Carmen Arguedas, Dietrich Earnhart & Sandra Rousseau, Non-uniform implementation of uniform standards, Journal of Regulatory Economics vol. 51(2), 159-183 (doi: 10.1007/s11149-017-9321-2)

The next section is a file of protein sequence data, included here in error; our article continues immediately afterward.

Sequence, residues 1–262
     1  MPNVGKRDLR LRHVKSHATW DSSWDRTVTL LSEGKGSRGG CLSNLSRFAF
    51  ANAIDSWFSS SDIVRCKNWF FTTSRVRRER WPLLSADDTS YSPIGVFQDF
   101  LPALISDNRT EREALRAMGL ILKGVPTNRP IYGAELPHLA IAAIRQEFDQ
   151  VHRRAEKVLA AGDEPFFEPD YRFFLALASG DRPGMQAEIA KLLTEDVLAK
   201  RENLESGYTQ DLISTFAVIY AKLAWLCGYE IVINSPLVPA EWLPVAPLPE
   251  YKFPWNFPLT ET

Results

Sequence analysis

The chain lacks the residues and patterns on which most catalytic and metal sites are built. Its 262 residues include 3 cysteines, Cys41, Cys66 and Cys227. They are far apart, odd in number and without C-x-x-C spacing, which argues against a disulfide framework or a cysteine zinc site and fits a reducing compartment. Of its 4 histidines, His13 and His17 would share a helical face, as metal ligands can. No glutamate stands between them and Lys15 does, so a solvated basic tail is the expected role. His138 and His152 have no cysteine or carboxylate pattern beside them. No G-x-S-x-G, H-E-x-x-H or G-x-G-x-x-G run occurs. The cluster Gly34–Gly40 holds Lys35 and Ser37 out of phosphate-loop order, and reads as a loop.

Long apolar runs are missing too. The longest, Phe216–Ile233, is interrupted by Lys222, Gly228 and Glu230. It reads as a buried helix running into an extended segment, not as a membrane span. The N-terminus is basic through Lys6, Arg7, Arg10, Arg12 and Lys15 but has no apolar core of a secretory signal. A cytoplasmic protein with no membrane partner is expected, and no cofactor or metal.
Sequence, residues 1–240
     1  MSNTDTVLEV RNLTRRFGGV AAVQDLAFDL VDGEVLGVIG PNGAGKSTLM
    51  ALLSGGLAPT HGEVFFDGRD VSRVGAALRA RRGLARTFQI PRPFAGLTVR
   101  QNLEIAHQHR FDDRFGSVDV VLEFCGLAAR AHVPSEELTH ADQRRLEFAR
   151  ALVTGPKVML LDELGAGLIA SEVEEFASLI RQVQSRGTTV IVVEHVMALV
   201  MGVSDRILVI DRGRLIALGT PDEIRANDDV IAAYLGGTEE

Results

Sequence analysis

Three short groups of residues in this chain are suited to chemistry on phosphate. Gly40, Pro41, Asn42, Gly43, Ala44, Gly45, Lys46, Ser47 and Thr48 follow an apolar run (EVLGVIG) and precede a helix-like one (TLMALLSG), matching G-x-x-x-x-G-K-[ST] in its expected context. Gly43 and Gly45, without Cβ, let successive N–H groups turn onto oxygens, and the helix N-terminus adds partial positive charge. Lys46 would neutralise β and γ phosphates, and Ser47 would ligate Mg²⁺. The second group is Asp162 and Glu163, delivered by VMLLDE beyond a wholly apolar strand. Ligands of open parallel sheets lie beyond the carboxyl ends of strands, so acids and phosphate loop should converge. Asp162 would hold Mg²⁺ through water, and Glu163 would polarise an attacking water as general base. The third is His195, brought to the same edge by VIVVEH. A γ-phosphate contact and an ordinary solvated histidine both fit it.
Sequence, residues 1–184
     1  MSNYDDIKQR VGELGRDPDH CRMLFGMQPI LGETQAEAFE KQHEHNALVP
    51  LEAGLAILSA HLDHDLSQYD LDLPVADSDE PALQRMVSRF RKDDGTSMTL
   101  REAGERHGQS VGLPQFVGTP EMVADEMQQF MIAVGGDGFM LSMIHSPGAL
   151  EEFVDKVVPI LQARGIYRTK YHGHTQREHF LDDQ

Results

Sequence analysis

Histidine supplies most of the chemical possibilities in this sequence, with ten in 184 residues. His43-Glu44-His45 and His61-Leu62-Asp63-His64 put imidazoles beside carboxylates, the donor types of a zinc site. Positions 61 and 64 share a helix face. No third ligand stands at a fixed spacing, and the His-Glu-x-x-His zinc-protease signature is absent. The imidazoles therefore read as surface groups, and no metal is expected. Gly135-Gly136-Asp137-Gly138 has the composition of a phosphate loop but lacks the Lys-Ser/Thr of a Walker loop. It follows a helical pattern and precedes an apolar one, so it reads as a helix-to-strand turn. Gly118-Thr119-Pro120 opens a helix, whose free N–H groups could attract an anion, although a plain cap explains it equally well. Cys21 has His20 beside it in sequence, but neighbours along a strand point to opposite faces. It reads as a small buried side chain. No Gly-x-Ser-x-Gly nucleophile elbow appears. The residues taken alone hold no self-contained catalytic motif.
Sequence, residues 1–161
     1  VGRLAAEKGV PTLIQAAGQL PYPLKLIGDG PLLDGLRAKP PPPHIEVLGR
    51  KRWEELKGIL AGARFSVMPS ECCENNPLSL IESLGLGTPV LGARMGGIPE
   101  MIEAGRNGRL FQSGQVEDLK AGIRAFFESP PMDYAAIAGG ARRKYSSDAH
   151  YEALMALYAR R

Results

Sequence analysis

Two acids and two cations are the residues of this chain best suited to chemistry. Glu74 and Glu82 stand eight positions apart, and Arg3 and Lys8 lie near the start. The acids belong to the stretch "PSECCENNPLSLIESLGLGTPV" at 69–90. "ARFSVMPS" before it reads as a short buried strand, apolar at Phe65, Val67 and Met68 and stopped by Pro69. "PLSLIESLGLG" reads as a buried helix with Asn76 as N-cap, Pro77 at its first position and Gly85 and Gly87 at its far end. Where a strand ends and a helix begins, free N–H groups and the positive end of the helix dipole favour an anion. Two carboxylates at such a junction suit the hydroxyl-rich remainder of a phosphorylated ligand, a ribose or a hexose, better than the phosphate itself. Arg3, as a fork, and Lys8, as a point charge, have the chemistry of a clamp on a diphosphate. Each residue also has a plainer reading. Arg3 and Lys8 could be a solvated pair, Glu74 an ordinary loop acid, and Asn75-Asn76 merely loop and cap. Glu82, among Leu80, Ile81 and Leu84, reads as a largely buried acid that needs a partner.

Regulations are frequently based on a uniform standard, which applies to all facilities within a single industry. However, implementation of many of these regulations does not lead to uniform limits due to considerations of local conditions in real policy settings. In this paper, we theoretically examine the relationships among the stringency of effluent limits imposed on individual polluting facilities by permit writers, environmental protection agencies’ monitoring decisions, and the ambient quality of the local environment. In particular, we explore the establishment of effluent limits when (1) the national emission standard represents only an upper bound on the local issuance of limits and (2) negotiation efforts expended by regulated polluting facilities and environmentally concerned citizens plays a role. We find that the negotiated discharge limit depends on the political weight enjoyed and the negotiation effort costs faced by both citizens and the regulated facility, along with the stringency of the national standard and local ambient quality conditions.
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